Experimental schizophrenia drug delivers promising human trial results

Experimental schizophrenia drug delivers promising human trial results
The new drug targets different neural pathways to traditional anti-psychotic medications
The new drug targets different neural pathways to traditional anti-psychotic medications
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The new drug targets different neural pathways to traditional anti-psychotic medications
The new drug targets different neural pathways to traditional anti-psychotic medications

A newly published article in the New England Journal of Medicine is reporting the successful results of a clinical trial testing an experimental drug designed to treat psychosis in schizophrenia. The drug works unlike any other existing anti-psychotic medication, and without many of their negative side effects.

The development of anti-psychotic medication in the mid-20th century was a landmark moment in the field of psychiatry. Chlorpromazine (perhaps better known under its trade name, Thorazine) transformed the treatment of schizophrenia in the 1950s. Before it was developed, lobotomy was consistently used as a treatment for major psychosis.

Chlorpromazine, and most subsequent anti-psychotic medications, work by blocking D2 dopamine receptors in the brain. Decreasing dopamine release in certain parts of the brain can result in a reduction of many acute symptoms of psychosis, including delusions and hallucinations. However, these anti-psychotic medications do not generally help the broad volume of other symptoms associated with schizophrenia, and they often result in a number of short- and long-term side effects.

Over the last few decades researchers have been working hard to develop novel forms of anti-psychotic drugs, that either more specifically target D2 receptors or home in on entirely new brain pathways. KarXT, for example, which targets muscarinic receptors, is currently entering larger Phase 3 trials after reporting successful early results last year.

The latest experimental anti-psychotic to report positive results is called SEP-363856. The new oral compound doesn’t target D2 receptors, but instead activates a pair of different neural receptors, known as TAAR1 and 5-HT1A.

The clinical trial recruited nearly 250 subjects who were suffering from an acute bout of psychosis. The cohort was randomly and blindly split into active and placebo groups, receiving one daily dose of the drug for four weeks.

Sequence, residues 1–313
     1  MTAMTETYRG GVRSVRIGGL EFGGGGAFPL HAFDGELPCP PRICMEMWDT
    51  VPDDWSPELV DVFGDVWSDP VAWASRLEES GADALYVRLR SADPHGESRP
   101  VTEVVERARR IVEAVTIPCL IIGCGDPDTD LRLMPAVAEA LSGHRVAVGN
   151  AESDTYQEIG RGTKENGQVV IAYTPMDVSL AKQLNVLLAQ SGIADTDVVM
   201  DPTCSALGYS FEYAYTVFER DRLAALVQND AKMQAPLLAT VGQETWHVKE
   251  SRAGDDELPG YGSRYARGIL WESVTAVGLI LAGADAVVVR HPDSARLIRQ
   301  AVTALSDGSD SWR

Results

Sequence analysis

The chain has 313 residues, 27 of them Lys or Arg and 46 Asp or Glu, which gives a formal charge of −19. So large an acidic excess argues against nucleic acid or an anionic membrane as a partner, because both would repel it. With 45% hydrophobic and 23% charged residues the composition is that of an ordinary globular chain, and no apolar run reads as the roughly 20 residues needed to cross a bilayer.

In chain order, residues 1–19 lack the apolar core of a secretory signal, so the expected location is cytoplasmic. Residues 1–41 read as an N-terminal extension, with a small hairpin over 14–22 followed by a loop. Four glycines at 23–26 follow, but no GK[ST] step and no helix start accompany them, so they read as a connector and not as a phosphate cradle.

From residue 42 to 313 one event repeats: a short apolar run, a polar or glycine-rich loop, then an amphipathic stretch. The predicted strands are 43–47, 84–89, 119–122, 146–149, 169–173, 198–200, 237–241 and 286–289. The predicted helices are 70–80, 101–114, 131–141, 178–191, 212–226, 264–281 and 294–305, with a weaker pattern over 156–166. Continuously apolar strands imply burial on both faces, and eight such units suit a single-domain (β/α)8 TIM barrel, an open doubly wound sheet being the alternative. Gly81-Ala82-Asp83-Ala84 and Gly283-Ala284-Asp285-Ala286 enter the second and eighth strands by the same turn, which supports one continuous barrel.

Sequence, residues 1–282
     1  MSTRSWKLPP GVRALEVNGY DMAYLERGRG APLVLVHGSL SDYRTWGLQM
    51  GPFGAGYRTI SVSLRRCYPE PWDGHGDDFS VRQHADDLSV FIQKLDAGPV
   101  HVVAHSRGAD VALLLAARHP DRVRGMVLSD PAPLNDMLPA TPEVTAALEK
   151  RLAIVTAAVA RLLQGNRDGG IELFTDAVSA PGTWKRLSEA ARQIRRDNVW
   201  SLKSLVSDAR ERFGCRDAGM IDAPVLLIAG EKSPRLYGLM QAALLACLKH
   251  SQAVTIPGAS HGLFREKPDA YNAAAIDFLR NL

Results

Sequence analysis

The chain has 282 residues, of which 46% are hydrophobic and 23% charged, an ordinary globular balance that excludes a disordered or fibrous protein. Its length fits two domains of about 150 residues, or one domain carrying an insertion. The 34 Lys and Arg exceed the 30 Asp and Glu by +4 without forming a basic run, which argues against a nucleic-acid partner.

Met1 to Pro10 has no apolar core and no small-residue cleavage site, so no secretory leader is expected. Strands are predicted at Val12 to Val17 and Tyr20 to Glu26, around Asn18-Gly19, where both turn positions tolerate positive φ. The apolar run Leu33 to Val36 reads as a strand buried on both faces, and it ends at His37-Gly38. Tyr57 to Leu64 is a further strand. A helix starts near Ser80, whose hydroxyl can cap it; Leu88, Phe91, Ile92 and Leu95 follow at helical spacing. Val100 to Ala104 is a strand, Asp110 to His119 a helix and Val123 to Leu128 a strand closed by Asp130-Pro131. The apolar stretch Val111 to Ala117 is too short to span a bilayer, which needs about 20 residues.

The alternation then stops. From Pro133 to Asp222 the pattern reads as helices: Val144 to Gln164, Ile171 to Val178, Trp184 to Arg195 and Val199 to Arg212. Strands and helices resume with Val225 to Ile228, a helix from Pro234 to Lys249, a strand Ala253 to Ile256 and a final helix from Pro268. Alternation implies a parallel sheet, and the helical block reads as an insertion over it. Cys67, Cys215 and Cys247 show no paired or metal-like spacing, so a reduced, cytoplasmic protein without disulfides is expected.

Efficacy in the trial was calculated using a scale called the Positive and Negative Syndrome Scale (PANSS). The scale ranges from 30 to 210, and the mean score for subjects in the trial experiencing acute psychosis was 101. After the four-week trial the average PANSS score for those in the active treatment group had dropped by 17.2 points, compared to an average drop in the placebo group of 9.7.

Perhaps as importantly, the trial found no significant difference in adverse events between the active and placebo groups. This suggests the experimental drug does not generate the volume of side effects seen with traditional anti-psychotic medications. The longer-term effects of the drug are still unclear, but a 26-week extension study did not reveal any significant side effects.

“For the last 60 years, antipsychotics that bind to dopamine receptors have been the standard of care, despite their side effect profile,” says John Krystal, co-author on the new study. “It is my hope that these results for SEP-363856 support a new schizophrenia treatment for people who have been diagnosed with this serious mental health condition. SEP-363856 could have a big impact on people with schizophrenia, their families, and on the public health burden posed by schizophrenia.”

A larger Phase 3 trial is currently underway, spanning a number of sites around the globe. SEP-363856 was granted Breakthrough Therapy status by the FDA in early 2019. So, although a full market approval for the experimental drug may be several years away, the FDA’s designation suggests early data is promising.

The new study was published in The New England Journal of Medicine.

Source: Sunovion

we've come a long way since the nineteenth century
This is a promising result, but what does it mean clinically? A quick survey suggests that "minimal" improvement is generally considered visible with a PANSS score that drops by 15-20% and "marked" improvement corresponds to a roughly 40% decrease in score.